A backprogagation neutral network in an address block classifiction system
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The U.S. Postal Service (USPS) is investing heavily in research and development of automated mail handling systems. A major component in these systems is the use of Optical Character Recognition (OCR) to read the destination address and ZIP Code, and then bar code the mail piece. High speed sorting equipment can then sort the mail using the bar code. Current USPS OCR/automated mail handling systems only process letter mail (no automated address-reading systems exist for nonletter mail).
Moreover, these OCR systems only capture and read a restricted field-of-view image. Letters can be rejected by these OCR systems because of nonstandard address location (outside the field-of-view), skewed address lines, or handwritten addresses. Current research is working toward building OCR systems capable of processing all forms of mail which include letters, flats, and irregular parcel and pieces (IPPs). These systems must scan an entire mail image for the destination address block which can assume any orientation. For nonletter mail, such as magazines, this is an exceedingly difficult task, since the entire face of up to 11 by 14 inches must be searched, and the address block must be chosen from all the other extraneous nonaddress information.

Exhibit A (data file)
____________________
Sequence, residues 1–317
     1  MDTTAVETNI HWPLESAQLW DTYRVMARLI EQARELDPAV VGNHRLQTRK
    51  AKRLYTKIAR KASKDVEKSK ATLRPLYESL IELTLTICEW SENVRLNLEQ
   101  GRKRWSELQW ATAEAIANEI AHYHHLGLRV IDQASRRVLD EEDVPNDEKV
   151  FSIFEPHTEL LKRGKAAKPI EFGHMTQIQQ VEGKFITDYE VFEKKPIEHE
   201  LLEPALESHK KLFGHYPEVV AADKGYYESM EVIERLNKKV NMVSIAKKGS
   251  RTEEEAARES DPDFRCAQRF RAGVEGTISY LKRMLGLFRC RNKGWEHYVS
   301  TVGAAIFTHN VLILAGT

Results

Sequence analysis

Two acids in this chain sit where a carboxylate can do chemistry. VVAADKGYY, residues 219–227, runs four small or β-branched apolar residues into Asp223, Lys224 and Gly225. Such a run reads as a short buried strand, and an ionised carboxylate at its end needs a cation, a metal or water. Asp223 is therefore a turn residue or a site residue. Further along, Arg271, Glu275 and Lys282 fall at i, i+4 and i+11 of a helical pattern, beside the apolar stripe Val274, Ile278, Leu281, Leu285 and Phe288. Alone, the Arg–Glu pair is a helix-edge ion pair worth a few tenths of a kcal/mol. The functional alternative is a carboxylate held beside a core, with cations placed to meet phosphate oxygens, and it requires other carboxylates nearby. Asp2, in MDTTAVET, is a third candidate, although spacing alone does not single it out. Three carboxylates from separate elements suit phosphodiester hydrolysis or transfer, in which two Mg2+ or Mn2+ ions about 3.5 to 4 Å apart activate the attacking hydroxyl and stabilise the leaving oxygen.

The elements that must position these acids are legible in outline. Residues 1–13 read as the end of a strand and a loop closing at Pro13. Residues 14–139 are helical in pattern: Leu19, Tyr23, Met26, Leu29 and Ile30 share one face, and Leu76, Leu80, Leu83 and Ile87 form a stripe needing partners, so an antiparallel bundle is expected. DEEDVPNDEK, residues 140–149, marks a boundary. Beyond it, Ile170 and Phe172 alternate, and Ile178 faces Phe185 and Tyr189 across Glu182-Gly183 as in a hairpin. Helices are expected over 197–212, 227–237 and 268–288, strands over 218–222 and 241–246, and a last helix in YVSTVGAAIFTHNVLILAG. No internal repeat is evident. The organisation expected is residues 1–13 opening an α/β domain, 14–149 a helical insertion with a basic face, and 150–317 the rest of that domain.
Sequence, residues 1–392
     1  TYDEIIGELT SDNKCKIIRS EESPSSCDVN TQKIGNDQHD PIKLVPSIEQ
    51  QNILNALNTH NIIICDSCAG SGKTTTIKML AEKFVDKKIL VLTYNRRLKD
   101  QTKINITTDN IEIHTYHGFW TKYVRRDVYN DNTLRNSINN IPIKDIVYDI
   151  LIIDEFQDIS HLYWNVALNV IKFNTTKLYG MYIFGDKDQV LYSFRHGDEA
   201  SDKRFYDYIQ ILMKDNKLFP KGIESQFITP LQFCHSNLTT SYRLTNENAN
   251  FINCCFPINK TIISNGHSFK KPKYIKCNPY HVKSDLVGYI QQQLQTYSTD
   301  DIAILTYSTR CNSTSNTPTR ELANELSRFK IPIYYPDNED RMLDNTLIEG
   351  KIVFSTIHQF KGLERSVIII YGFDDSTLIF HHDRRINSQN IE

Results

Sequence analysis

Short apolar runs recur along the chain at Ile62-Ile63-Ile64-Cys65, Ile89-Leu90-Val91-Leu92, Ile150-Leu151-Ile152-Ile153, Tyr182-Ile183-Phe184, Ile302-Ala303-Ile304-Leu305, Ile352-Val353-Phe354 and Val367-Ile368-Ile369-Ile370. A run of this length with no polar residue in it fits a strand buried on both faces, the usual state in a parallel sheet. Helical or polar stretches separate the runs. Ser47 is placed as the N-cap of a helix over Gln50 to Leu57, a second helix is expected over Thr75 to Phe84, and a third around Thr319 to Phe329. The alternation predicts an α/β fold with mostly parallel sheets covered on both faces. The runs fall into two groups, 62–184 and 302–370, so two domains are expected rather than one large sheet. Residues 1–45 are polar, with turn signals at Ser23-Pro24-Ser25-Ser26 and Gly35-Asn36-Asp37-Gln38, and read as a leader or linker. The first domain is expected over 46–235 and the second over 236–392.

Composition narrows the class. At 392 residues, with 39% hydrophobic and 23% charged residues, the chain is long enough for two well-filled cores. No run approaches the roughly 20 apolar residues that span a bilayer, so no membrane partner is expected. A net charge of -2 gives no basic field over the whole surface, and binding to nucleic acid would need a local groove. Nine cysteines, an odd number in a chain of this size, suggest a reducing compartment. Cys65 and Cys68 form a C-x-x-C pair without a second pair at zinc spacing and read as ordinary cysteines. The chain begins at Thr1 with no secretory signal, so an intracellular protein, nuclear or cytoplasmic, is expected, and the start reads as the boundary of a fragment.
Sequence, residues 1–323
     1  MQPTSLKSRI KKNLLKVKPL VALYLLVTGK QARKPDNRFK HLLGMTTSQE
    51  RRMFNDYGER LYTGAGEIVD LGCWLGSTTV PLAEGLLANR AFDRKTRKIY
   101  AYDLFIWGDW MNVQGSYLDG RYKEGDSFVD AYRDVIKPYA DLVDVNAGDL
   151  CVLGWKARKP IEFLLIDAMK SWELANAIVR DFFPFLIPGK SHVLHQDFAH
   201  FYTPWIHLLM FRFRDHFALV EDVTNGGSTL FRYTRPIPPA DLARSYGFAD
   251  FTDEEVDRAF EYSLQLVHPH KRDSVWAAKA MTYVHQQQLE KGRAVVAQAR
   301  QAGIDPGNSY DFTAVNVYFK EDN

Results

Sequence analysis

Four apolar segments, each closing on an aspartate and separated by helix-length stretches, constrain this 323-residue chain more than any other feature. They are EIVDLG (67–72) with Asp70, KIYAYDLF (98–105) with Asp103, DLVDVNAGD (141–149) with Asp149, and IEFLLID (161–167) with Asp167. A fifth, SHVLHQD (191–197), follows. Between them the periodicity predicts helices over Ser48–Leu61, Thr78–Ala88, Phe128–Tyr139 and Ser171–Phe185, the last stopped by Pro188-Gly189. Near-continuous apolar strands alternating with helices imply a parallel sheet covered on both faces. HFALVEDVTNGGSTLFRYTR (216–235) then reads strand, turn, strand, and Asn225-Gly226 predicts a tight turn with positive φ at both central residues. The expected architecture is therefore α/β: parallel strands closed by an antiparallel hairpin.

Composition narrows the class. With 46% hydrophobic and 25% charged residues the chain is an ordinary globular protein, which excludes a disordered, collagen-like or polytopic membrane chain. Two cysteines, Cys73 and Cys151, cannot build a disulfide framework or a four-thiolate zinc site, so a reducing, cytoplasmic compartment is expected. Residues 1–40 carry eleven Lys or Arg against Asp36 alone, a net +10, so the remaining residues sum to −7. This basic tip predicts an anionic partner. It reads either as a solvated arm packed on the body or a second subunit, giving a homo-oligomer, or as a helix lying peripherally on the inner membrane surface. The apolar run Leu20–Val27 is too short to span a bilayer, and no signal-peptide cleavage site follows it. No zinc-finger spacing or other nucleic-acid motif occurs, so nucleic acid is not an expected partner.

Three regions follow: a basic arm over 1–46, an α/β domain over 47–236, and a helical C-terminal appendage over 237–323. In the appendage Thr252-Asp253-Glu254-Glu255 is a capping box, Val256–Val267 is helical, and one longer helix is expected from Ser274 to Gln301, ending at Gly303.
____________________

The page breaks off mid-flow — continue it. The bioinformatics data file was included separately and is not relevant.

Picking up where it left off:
This paper details an experimental address block location system developed at MITRE. The" system uses a backpropagation neural network trained to discriminate the frequency characteristics of address blocks from other candidates. The current system is trained on magazine flat mail.
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